C/C++ to D

Some notes.

I’m assuming you want to use D largely, but not entirely, for competitive programming. That’s me right now.


Syntax is very similar. Function definitions, semicolon-terminated statements, variable declarations, and so on. You can declare int main() {...} or void main() {...} or something with arguments.

Basic types like bool and int and double are all there. Wonderfully, long is 64 bits. Instead of unsigned whatever, just prefix a u, e.g. uint.

Arithmetic operators and bit operators are all there too, including unsigned right shift >>>. Although ^ is still xor, D has exponentiation as ^^. Sadly, % is still same-sign remainder; there’s no true mod.

import std.stdio;

Casts look like cast(int) x;

Control Flow

if, while, for, do, and even switch all work as you’d expect, along with break and continue.

foreach is the nice addition though. Not only can you iterate over arrays and stuff, but range loops go like:

foreach (i; 0 .. 10) writeln(i);

If you want both the index and the element (a la zipWithIndex):

foreach (i, e; array) writeln(i, e);

And to modify the element in place:

foreach (ref e; array) e += 4;

This ref is also the syntax to pass something by reference to a function, by the way. Functions are otherwise pretty much the same.

void func(ref int x) { x += 4; }


You have access to scanf and printf, for some weird reason.

But D’s alternatives are readf and writef. They also have variants writefln to add a newline. You often won’t even need writef anyway, since write and writeln take any number of arguments and turn them into strings before printing.

int n = 100;
writeln("Case #1: ", n, " is the answer.");

Two gotchas with readf:

  1. readf specifiers don’t skip white space, so where you’d write:

    scanf("%d%d", &a, &b);

    you should write:

    readf(" %d %d", &a, &b);
  2. readf on a string reads to end of input.

So call readln instead, to read a line: either with no arguments to return a string or with a buffer to read it into there. This also reads the newline, but after import std.string; you can call s = chomp(s); to get rid of control characters.

Call functions like stderr.writef(...) for debug output.

I just want my int-scanning macro so I don’t forget my ampersands, please

I can do better: readf infers the type of whatever you give it. This variadic magic fits on an 80-character line. After seeing this, just thinking about cstdio code makes me angry.

void scan(T...)(ref T args) { foreach (ref arg; args) readf(" %s", &arg); }


int[100008] a; gives you a static (fixed-length) array.

int[] b; gives you a dynamic (variable-length) array. It’s sort of like C++’s STL vector. Actually, it’s properly called a slice, and you can read more about it in the D Slices article, which gets linked quite often in the forum.

Unfortunately after a tragic experience on Codeforces, I’ve discovered its reallocation semantics seems somewhat slow when compared to similar uses of C++ vector for one big problem: after you pop an element off the back or otherwise decrease the length, the slice must be reallocated to insert more elements. So far, I’ve found std.container.Array better fits such needs. But if you only push things in, iterate across them, or delete everything at once, I think slices are okay.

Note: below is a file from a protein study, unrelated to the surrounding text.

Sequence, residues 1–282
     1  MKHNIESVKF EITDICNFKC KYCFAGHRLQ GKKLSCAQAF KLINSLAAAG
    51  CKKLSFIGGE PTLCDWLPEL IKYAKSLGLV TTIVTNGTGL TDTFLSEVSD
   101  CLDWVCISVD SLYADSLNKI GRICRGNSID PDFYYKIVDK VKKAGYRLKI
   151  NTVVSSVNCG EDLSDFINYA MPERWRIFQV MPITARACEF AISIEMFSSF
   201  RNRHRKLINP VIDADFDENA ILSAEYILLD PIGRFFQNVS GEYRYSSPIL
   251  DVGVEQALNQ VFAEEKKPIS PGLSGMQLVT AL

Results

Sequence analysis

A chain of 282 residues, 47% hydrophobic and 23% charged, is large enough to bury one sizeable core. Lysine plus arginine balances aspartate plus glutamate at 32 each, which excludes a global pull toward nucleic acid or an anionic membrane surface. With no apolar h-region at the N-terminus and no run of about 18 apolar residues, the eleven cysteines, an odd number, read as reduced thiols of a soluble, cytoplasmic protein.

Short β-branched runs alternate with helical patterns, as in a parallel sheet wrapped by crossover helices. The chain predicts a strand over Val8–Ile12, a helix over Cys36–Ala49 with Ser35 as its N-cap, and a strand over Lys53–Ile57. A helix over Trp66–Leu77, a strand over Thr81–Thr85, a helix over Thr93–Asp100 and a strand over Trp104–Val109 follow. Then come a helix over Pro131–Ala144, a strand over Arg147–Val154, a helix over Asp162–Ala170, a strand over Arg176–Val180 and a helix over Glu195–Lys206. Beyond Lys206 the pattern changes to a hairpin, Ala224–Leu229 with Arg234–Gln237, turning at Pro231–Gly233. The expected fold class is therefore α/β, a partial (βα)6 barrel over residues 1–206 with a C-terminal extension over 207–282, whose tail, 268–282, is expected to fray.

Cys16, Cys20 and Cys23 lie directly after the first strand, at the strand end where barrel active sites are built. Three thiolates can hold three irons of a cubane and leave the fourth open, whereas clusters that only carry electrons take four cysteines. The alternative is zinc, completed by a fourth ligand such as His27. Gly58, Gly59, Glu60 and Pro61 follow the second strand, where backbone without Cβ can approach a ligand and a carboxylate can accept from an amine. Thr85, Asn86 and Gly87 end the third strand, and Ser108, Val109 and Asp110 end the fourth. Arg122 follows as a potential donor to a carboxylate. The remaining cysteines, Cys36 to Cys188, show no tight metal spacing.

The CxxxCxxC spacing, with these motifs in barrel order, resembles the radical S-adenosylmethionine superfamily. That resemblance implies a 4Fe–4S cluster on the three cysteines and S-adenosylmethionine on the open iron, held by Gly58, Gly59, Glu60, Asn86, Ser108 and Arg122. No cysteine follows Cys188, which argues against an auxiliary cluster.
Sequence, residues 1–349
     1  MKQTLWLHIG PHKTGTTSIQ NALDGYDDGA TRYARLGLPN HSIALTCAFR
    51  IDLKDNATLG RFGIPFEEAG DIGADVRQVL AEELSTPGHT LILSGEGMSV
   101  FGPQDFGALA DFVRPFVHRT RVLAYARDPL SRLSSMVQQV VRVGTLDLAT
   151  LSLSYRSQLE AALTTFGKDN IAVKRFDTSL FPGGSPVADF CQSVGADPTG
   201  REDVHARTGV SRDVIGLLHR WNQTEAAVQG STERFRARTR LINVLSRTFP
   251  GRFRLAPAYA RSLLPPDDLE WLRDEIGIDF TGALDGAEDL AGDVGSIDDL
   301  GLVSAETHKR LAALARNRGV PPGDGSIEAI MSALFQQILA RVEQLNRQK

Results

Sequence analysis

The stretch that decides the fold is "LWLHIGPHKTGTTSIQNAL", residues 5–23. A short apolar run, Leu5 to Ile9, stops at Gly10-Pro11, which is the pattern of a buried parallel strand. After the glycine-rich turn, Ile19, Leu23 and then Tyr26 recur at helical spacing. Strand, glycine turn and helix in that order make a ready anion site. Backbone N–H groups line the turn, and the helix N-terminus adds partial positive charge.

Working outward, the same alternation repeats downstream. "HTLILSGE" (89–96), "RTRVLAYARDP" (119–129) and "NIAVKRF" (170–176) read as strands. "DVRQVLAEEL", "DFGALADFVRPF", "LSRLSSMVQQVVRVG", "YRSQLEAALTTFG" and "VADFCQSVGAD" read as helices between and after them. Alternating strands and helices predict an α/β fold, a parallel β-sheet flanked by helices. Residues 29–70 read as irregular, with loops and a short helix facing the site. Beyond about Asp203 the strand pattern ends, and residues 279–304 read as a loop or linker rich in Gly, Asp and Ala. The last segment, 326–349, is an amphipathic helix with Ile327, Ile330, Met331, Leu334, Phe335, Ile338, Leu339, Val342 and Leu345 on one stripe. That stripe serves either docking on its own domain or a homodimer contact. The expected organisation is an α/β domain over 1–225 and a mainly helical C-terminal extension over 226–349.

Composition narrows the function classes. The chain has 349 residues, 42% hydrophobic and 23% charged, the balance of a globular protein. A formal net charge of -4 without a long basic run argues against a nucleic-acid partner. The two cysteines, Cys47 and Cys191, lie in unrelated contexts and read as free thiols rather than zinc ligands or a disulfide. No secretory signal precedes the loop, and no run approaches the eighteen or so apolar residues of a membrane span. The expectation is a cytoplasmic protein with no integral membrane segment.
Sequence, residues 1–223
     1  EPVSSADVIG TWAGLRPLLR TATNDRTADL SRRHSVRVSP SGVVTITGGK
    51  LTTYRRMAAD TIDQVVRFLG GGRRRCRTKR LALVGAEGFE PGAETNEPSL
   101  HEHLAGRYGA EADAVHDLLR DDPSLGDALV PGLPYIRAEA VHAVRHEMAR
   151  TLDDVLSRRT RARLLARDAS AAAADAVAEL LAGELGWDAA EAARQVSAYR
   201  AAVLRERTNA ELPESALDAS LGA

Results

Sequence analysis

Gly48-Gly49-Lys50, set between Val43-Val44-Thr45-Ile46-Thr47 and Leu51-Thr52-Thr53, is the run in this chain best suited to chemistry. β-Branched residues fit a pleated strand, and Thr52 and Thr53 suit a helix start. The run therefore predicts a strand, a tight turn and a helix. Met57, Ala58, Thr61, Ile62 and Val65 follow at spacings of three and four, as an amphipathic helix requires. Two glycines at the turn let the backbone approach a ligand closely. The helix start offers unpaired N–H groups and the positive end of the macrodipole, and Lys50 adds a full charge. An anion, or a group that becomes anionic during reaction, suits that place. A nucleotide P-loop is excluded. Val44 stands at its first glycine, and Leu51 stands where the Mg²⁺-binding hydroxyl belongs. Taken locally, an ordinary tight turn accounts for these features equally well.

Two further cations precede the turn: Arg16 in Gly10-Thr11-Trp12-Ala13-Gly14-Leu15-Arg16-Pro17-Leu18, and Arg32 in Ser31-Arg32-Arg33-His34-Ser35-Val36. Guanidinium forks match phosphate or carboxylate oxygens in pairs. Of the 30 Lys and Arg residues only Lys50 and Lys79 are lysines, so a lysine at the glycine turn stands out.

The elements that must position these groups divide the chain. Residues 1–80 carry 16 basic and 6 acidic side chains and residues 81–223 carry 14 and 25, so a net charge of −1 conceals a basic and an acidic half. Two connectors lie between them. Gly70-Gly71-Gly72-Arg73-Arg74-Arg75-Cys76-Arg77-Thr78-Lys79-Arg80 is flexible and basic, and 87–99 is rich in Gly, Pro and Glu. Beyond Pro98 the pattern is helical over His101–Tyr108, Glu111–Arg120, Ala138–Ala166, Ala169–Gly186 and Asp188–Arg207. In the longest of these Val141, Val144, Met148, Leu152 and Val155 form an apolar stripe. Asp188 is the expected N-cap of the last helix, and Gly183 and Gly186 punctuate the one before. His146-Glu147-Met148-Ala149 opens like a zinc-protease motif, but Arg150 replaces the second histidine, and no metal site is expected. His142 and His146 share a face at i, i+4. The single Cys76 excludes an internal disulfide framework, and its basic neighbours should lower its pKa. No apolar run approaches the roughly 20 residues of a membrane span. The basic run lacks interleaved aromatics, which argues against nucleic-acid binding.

Declare Arrays like:

Array!int a;

You use a bang for templates in D.

Anyway, in general, binary ~ is the append or concatenate operator; you can append elements by writing b ~= 3; or b ~= [5, 7]; For slices, experimenting shows that D does roughly double the slice after each reallocation so that this is amortized O(1), as you’d hope, although I can’t find any documentation saying so. You can get the length with b.length.

Arrays, on the other hand, multiply their capacities by 3/2 on reallocation.

Also, if you import std.array;, you get to do b.front and b.back on slices (you don’t need parentheses!), which are refs through which you can modify the element. You also get b.popFront() and b.popBack() (which are void like their C++ STL counterparts, to my disappointment) and b.empty. There doesn’t appear to be a .clear() function but you can just set b.length = 0;. Also, calling .dup makes a dynamic copy.

Strings (string) are just an alias for immutable char[]s. (So if you want to store a string in a char[], call .dup. But you can still ~= a string to a variable of type string; it just replaces the variable with a new copy.)

Arrays also have .front, .back, .length, .empty, indexing and so on. Their popping methods are called .removeFront() and removeBack(), however. Arrays do have a .clear() method, but unlike STL vector, it throws away any capacity. It appears setting .length = 0 is slightly faster if you expect to make the Array large again soon.

Deques, etc.

This is so far the one place D has disappointed me relative to C++, and only mildly. Your best bet is DList (doubly-linked list) from std.container. The type looks like DList!int. As above, you can .front, .popFront(), and also .insertFront(x), and same for back and cognates, of course.

You can also .empty, but sadly, you can’t get the length of a DList. But now that I think about it, .empty is often enough anyway if you’re BFSing or whatever, and you can always maintain the length yourself somewhere.

You can declare associative arrays by putting stuff between the same square brackets you used for arrays. These are hash tables, not ordered. The type is just e.g.

string[int] map; // int to string map

Test for key inclusion Pythonically with in, as:

if (key in map) map[key] += 1;

It also supports .length; .keys and .values (dynamic array copies); .byKey() and .byValue() and .byKeyValue() (iterable-ish things, not copies); .get (pass a second default value to return if )